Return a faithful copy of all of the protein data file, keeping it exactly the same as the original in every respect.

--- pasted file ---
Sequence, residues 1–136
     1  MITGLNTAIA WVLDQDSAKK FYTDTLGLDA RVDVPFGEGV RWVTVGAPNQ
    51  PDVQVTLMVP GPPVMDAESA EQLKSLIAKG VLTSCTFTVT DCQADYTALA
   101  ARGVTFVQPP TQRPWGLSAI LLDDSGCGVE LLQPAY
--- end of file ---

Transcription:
Sequence, residues 1–136
     1  MITGLNTAIA WVLDQDSAKK FYTDTLGLDA RVDVPFGEGV RWVTVGAPNQ
    51  PDVQVTLMVP GPPVMDAESA EQLKSLIAKG VLTSCTFTVT DCQADYTALA
   101  ARGVTFVQPP TQRPWGLSAI LLDDSGCGVE LLQPAY